June 13, 2010 |
Icons Marilyn Monroe and Brigitte Bardot famously posed in fuller-cut swimwear and came off sexier than any bikini-clad Sports Illustrated cover girl could. If you want to channel that retro style at the beach, try posing this summer in something from Marysia Swim. Marysia is only three seasons old, but the line's classic looks are a fresh breeze in a sea of body-baring bikinis. Designer Maria Dobrzanska Reeves draws inspiration from swimsuits from the 1940s through 1970s and from her childhood ballerina training in Warsaw — hence the tutus and leotard shapes.
July 12, 1987 |
Granted, the pink-and-white, French-cut bikini was somewhat skimpy. But its job was to cover, not reveal. That was Cheri Ikerd's argument when she sued a Belmont Shore boutique owner who refused to give her a refund for a bikini she said turned transparent when wet: "It was so transparent, it was like wearing cellophane." Long Beach Municipal Judge G. William Dunn, shown photos of the 26-year-old woman in the wet bikini, agreed. "She was, in fact, apparently naked," Dunn said last week.
August 22, 2009
Re "From Page Six to NBC4," by Greg Braxton, Aug. 19: As a former Philadelphian, I am sadly well-acquainted with Alycia Lane's anchoring, and as a current Los Angeleno, I'm astounded that we are soon to be saddled with her at KNBC. What an insult to this city. Did she audition by sending her bikini pix to the program director? Annika Katzenberg Beverly Hills
February 22, 1987
Upon reviewing the Feb. 1-7 Television Times, I would like to pose a question to those individuals in charge of local programming for our network affiliates: Is that the best you can do? The week's locally produced features covered such informative topics as L.A.'s professional cheerleaders, office romance, bikini styles and tours of exotic beaches. All in one week. This was really a sad testimonial to the caliber of creativity/responsibility available in Hollywood, the purported entertainment capital of the world.
March 18, 1992 |
Was the Gulf War over before you were ready? Do you miss Duke and his Club Scud? Would a desert-camouflage bikini be just the thing for your own Boopsie? Take a walk down memory dune at Aerial, the nation's first retail outlet for Great Doonesbury Sellout items, heretofore available only by catalogue. Doonesbury Co., the Sausalito marketer, may also expand to Los Angeles soon. The hottest seller has been the $15 Mr. Butts ashtray. "Thanks for smoking!" it says. "Go ahead. You're immortal."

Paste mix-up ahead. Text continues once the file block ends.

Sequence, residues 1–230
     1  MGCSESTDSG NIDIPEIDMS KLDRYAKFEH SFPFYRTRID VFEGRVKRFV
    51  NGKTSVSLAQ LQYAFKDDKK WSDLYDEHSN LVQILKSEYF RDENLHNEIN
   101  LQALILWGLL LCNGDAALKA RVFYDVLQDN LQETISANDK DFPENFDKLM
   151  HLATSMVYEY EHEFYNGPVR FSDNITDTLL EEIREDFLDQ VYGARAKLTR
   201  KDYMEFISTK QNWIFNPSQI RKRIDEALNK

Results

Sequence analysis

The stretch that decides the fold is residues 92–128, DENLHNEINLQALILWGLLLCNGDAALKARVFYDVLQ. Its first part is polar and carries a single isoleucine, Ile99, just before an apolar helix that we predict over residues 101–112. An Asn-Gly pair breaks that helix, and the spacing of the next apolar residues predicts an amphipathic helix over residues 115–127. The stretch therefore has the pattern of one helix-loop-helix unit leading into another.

February 15, 1987 |
In the third TV Sweeps week, it looks like the local ratings battle is developing into a two-way titillation contest between Channels 2 and 7. 2's taking a weeklong look at L.A. dating ("Checking out the Meet Market"). Reporter Steve Kmetko asks, "What's being served up in the Southland single scene? Are shoppers getting what they want?"
January 4, 1985 |
Two well-known designers of menswear express varying opinions on what's right today in the following interviews reported by Fashion85 staff writers Betty Goodwin and Mary Rourke. During his honeymoon last fall on the Caribbean island of St. Martin, Lee Wright sunbathed in men's cotton underwear. Not just any underwear, you understand, but fuchsia bikini underwear, which Wright designed himself, using his own body, as he puts it, as "a barometer of comfort."
June 18, 2000 |
So far as I know, I was the first in countless generations of my family to wear a bikini. That is, I probably have been more scantily clad in a public place than most--if not all--of my female ancestors since the loincloth era. My photo albums document the diminution of swimwear in the 20th century. I have shots of my grandmother and her sisters at Rehobeth Beach, Del., in the 1920s in saggy, striped knit, knee-length woolen suits said to have weighed two pounds dry and eight pounds wet.